Tri-State Water Wars (AL, GA, FL)
Apalachicola-Chattahoochee-Flint River Basin tops list of America’s most endangered rivers More »
A report released this week by American Rivers ranks the Apalachicola-Chattahoochee-Flint River basin, the major river system shared between Georgia, Florida and Alabama, as the top most endangered river in the U.S.
In the decades-long tri-state water battle, allocation of water from the ACF basin and the Alabama-Coosa-Tallapoosa (ACT) basin has been the impetus for the conflict, with all three states citing competing needs for drinking water, agriculture, and fishing and tourism industries.
The report attributes outdated water management policies and wasteful water practices as the biggest threats facing the ACF basin, which flows from northeast Georgia through Atlanta (and serves as the primary drinking water source for the metro area) and along the border of Alabama, finally emptying into Florida's Apalachicola Bay.
As mediation continues behind closed doors between Georgia and Florida in an attempt to settle the dispute over the ACF basin, all three states must understand that efficiency measures and better water management policies are imperative for reaching a sustainable solution, says SELC Senior Attorney Gil Rogers.
“We appreciate that American Rivers is bringing attention to the threats facing this river system, and our hope is that other states will take this as a lesson on the importance of enacting conservation measures and strong water management policies,” said Rogers. “The aim of our ongoing advocacy work in Georgia and Alabama is to better protect these waters and see the states ultimately reach an agreement that ensures there is enough clean water for all water users.”
Click here to read the American Rivers report findings: America’s Most Endangered Rivers.
Advocating for the Long-Term Health of Two Major River Basins
For decades, Georgia, Alabama, and Florida have been battling over the future allocation of water in two major river basins that cross their borders (the Alabama-Coosa-Tallapoosa and the Apalachicola-Chattahoochee-Flint basins). The dispute has involved several local, state and federal agencies, as well as numerous courts and mediators, and its outcome is one of the most important environmental issues facing the region today.
Each state has its own concerns about the proper allocation of water:
• Georgia: As the upstream user, Georgia wants to have enough water to continue growing, particularly in booming metro Atlanta, in addition to supplying cities such as Columbus and heavy agricultural usage in the state’s southwest corner. The problem is that Atlanta is not in a water-rich area of the state, and it sprawls across the tops of multiple river systems that drain into the Atlantic Ocean and Gulf of Mexico.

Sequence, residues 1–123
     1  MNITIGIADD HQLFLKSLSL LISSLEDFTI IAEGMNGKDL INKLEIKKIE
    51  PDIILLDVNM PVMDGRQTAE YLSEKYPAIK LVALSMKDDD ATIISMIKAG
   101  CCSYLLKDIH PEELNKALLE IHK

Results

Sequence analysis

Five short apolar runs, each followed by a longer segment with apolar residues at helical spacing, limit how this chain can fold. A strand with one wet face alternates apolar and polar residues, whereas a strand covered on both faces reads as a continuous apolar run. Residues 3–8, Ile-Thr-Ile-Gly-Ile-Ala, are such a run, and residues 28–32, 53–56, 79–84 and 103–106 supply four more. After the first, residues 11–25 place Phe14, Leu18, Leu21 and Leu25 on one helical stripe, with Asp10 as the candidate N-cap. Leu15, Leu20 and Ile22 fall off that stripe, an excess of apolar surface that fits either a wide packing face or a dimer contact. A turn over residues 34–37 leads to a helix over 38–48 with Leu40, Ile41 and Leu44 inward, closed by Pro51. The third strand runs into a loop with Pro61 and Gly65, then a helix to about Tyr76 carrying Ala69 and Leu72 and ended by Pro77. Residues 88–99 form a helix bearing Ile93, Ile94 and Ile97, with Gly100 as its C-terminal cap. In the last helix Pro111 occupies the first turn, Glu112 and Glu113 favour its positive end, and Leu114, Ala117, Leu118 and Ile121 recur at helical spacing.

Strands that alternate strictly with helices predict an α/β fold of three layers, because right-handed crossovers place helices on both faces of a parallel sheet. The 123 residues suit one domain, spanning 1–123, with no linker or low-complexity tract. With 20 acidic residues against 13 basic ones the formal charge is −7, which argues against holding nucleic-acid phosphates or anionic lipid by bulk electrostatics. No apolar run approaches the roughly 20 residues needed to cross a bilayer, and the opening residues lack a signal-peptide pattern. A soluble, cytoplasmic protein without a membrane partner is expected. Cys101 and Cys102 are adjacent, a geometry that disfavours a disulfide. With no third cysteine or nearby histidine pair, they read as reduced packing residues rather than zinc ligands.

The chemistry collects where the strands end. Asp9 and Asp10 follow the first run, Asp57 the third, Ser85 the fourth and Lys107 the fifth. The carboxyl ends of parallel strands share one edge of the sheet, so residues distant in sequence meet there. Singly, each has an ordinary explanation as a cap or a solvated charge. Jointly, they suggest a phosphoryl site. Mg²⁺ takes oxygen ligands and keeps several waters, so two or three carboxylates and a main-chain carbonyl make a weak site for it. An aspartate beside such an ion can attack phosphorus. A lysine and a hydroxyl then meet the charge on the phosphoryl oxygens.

• Alabama: Alabama is concerned that Atlanta’s ever-increasing thirst for water will severely limit its own use of water for power generation, municipal supply, fisheries and other current and future uses.
• Florida: Florida wants enough freshwater to reach the Apalachicola Bay to sustain its multi-million dollar shellfish industry, which is under severe ecological stress resulting from low river flows and saltwater intrusion.
What’s Being Done
A leading member of the Tri-State Conservation Coalition, SELC is keeping close tabs on this long-running dispute to ensure the final outcome protects water quality and quantity in the two basins. In the past, we have weighed in with courts and federal and state agencies urging them to take environmental needs into account.
SELC is thoroughly analyzing and critiquing the Army Corps of Engineers’ revisions to its drought contingency plan and water control manuals for the Apalachicola-Chattahoochee-Flint basin, as well as the manual for the Alabama-Coosa-Tallapoosa basin as part of the federal environmental review process. The ACT basin’s Water Control Manual was finalized in 2015 and has already been challenged by both Georgia and Alabama.
Developing a State Water Plan for Alabama
Alabama remains the only state involved in the tri-state water wars without a comprehensive water plan, putting the state at a severe disadvantage when competing with its neighbors for water without a plan to balance competing water needs within its own borders.
SELC joined forces with the Alabama Rivers Alliance, other citizen groups and water users to lobby the governor and legislators to develop a water plan that would strengthen Alabama’s position for negotiating its water needs, while improving protections of its water resources for current and future generations.
In 2012, Governor Robert Bentley tasked a group of state agencies to provide recommendations for an implementation plan, which were released in the Alabama Water Resources Management Policy Report in April 2014.
SELC continues to play a prominent role in stakeholder panels convened by the state, using the opportunity to weigh in on policy issues and help develop potential legislation. We will also continue to advocate for a water plan that emphasizes conservation and efficiency, discourages reliance on new reservoirs, and establishes flow standards to maintain healthy waterways.
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